Epigenetic Mechanisms of Depression
For the general public
The Center's organizing hypothesis is: HA host of chromatin regulatory mechanisms work in concert to mediate the lasting effects of chronic stress and antidepressant treatments on the brain and to control an individual's life-time vulnerability to stress, with some shared but many distinct mechanisms operating in males vs. females.
Increasing evidence, much of it from Center investigators, has demonstrated the significance of modifications of histones, DNA, and numerous classes of chromatin regulatory proteins in depression models, although we are still at relatively early stages of examining all of the many chromatin changes potentially involved. A key question in the field is to know which of hundreds or thousands of chromatin mechanisms should be characterized for their role in depression-related phenomena. Our Center has taken an unbiased approach by generating very large and diverse datasets encompassing several mouse depression models in males and females, antidepressant responsiveness vs. non-responsiveness (to both standard and experimental drugs), multiple limbic brain regions, multiple time points, as well as homologous brain regions of depressed humans—again male and female. By overlaying these datasets, we have identified—as a consolidated Center—those genes (and the brain regions where they act) that exert particularly strong influence over stress susceptibility and depression as well as the opposite—stress resilience. Each Project of the Center focuses on a subset of these genes for further exploration. This underscores the fact that, while each Project is described as an independent undertaking, in reality each is highly integrated, and involves all four Projects.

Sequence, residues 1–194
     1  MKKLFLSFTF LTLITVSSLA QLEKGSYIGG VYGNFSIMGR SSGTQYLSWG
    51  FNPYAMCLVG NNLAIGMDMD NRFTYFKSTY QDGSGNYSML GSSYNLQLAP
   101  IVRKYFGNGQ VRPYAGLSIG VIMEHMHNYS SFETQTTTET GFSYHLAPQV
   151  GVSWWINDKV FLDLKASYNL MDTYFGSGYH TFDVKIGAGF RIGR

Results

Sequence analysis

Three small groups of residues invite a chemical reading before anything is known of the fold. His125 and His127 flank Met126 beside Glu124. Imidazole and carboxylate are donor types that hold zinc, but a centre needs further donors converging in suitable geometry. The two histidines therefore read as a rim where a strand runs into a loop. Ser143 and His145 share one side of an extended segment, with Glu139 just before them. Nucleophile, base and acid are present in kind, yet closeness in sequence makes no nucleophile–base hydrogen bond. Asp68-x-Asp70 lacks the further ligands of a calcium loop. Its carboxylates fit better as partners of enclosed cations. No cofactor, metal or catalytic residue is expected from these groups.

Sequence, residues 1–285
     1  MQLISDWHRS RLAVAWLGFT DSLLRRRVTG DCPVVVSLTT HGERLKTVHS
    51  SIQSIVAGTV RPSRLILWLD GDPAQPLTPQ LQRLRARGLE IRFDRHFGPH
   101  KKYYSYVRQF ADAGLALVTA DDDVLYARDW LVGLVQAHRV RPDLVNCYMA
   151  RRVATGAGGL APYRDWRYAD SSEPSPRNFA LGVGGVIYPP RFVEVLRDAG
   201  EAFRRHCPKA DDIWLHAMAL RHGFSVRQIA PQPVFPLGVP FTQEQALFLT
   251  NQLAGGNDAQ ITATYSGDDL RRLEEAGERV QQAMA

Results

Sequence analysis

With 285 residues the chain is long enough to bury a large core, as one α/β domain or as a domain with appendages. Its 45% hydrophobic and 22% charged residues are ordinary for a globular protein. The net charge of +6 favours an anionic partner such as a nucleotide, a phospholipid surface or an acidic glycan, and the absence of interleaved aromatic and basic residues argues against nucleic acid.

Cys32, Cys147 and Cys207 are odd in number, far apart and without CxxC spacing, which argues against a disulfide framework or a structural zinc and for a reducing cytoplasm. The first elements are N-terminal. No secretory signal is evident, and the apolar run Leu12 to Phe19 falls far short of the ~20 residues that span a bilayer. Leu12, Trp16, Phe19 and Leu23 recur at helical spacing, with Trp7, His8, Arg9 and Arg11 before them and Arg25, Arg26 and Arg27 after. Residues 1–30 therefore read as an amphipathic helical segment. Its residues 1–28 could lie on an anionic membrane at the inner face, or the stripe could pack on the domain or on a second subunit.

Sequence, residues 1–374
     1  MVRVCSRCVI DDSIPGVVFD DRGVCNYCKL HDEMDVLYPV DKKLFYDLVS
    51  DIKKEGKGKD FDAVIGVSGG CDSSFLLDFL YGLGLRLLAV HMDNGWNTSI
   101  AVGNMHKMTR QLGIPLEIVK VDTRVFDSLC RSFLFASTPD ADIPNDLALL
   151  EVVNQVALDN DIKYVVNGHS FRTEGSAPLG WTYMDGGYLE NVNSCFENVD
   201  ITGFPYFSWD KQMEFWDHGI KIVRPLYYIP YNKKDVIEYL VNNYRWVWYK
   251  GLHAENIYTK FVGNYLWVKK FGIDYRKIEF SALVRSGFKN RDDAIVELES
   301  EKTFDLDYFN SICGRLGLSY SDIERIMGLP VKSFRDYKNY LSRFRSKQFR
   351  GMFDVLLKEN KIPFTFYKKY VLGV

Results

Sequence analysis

Such long-lived epigenetic changes are ideal candidates to mediate the ability of an individual's lifetime experiences to determine his or her vulnerability for a stress-related disorder at some discrete point in time. The goal of this Center is to decipher such mechanisms and mine them for translational applications, including both improved treatments and diagnostic tests (so-called biomarkers). More controversial, and still unproven, is whether stress might induce epigenetic modifications in germ cells (sperm or eggs), which then lead to changes in stress vulnerability in offspring, perhaps for multiple generations. Our Center, while not directly studying this question, works collaboratively with other groups to explore the possibilities for trans-generational transmission of stress by epigenetic mechanisms.